It was over twenty years ago when The Haunting came out. I remember actually looking forward to this movie, mostly because of its director Jan De Bont, who was responsible for the 90’s summer blockbusters Speed (1994) and Twister (1996). For the record, I choose to pretend that Speed 2: Cruise Control never happened, because let’s face it, that was simply one of the worst films I’ve ever seen. To De Bont’s credit, he’s also the cinematographer of some pretty great films as well; Die Hard, Flatliners (the good one), and Basic Instinct, to name a few. Now another thing that had me excited was where CGI was at the time. The Frighteners had come out in 1996, The special effects in that film were great and they hold up to this day, so really, with a bigger budget, a solid director and cast, this film should have just been amazing. The result ended up being a film that shows what happens when you rely too heavily on CGI for scares rather than crafting good old-fashioned suspense with atmosphere and story.
The 1999 film is based off the book by Shirley Jackson. Sadly it would take nearly two decades more for the superior Netflix adaption of The Haunting of Hill House to release. While the 1999 version may be closer to the book, what is ironic is that it’s about a paranormal study on fear, yet there is nothing terrifying or scary about this film. The film follows so many typical haunted house tropes that even Ray Charles would see these “scares” coming.
Dr. David Marrow (Liam Neeson) wants to bring together a group of patients who believe they are participating in a sleep study, but really the good doctor is conducting an experiment of fear upon his patients. While Marrow’s intentions are unethical and to a degree illogical, what still blows my mind is how he manages to get permission to do the study at this beautiful, enormous mansion. His key patient is the socially awkward Nell (Lily Taylor), the self assured Theo (Catherine Zeta-Jones), and then there’s the goofball, Luke (Owen Wilson) all of whom which suffer from various sleep disorders. If it wasn’t for the talent in this film, I wonder just how bad this could have been. The performances in this film definitely outshine the quality of the script, and it makes you wonder what could have been if this had a more nuanced script for this cast to work with.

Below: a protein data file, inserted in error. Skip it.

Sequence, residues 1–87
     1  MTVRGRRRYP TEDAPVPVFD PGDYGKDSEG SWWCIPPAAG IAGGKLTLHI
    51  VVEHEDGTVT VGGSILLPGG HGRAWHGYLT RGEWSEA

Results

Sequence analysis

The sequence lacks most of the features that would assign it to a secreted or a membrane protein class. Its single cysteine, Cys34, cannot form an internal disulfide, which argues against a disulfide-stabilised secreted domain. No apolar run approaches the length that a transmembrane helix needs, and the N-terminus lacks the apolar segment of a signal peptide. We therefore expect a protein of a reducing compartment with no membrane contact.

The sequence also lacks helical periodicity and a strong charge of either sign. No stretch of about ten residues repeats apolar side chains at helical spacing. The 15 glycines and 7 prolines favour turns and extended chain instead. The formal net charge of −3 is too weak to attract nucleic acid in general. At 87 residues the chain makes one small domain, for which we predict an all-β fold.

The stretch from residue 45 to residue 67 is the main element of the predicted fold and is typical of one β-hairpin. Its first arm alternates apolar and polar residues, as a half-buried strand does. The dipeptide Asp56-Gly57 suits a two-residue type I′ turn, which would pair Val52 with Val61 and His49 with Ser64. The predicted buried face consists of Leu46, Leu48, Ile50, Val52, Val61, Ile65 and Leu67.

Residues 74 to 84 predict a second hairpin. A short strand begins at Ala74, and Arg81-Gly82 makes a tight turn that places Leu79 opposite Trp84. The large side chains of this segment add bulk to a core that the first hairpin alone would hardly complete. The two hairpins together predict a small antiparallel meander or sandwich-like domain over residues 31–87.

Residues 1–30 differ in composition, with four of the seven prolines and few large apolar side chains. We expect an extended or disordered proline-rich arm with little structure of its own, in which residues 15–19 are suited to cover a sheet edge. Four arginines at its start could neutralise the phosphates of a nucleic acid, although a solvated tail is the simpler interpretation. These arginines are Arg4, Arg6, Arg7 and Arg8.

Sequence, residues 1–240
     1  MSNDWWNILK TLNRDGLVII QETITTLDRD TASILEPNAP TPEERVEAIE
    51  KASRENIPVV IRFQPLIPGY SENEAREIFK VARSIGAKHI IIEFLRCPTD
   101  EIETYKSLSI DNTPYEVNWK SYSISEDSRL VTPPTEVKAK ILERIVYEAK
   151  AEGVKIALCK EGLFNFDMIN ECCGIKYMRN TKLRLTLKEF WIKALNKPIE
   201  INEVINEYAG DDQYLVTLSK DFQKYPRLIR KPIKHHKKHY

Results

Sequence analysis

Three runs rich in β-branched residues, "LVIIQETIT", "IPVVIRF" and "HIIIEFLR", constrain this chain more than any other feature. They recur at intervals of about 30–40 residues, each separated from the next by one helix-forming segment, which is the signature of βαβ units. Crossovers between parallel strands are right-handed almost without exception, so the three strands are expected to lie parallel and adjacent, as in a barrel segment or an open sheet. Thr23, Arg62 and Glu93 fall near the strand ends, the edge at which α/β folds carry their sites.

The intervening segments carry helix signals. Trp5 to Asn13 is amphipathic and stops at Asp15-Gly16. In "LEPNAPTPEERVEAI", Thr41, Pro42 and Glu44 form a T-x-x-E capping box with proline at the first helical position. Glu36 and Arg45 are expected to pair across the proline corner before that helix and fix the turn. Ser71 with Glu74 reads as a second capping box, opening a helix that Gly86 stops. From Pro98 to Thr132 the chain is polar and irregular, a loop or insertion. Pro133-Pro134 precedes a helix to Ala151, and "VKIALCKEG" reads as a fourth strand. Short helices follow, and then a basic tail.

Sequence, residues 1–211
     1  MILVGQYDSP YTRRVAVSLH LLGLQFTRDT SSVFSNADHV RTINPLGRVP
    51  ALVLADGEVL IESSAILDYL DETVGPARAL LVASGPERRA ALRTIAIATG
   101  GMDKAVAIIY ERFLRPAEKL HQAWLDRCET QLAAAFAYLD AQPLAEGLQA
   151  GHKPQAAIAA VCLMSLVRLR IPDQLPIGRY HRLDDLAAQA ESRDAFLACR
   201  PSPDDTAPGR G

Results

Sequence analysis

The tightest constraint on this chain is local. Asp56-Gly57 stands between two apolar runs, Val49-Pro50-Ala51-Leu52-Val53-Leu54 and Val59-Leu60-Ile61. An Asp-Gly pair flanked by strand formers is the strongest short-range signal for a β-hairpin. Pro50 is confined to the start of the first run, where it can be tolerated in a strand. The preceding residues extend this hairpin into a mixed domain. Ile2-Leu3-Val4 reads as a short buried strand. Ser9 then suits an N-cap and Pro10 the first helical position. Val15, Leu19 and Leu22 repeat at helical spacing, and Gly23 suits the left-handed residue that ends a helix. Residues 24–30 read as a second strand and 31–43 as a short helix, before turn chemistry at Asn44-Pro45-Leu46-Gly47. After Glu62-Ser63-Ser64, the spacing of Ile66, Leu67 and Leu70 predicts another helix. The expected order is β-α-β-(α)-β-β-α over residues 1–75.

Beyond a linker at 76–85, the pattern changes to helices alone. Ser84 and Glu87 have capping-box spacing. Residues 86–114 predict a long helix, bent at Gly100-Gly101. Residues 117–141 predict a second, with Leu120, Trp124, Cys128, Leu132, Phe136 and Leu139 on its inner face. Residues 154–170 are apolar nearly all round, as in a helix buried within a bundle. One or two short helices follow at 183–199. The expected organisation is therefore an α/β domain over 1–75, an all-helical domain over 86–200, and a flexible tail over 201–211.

The film’s greatest achievement, though, goes to the amazing sets that were constructed for the film. When you hear that the sets were so large they needed to be built and stored in the same hangar where Howard Hughes had his Spruce Goose, that should give you an idea of just how massive this set is. Personally the carousel room is one of my favorites from this film, and it’s a shame it wasn’t utilized more. Still, despite the great sets and the abundance of CGI, the film fails miserably at being scary. This is supposed to be a horror film, and it just keeps missing the mark.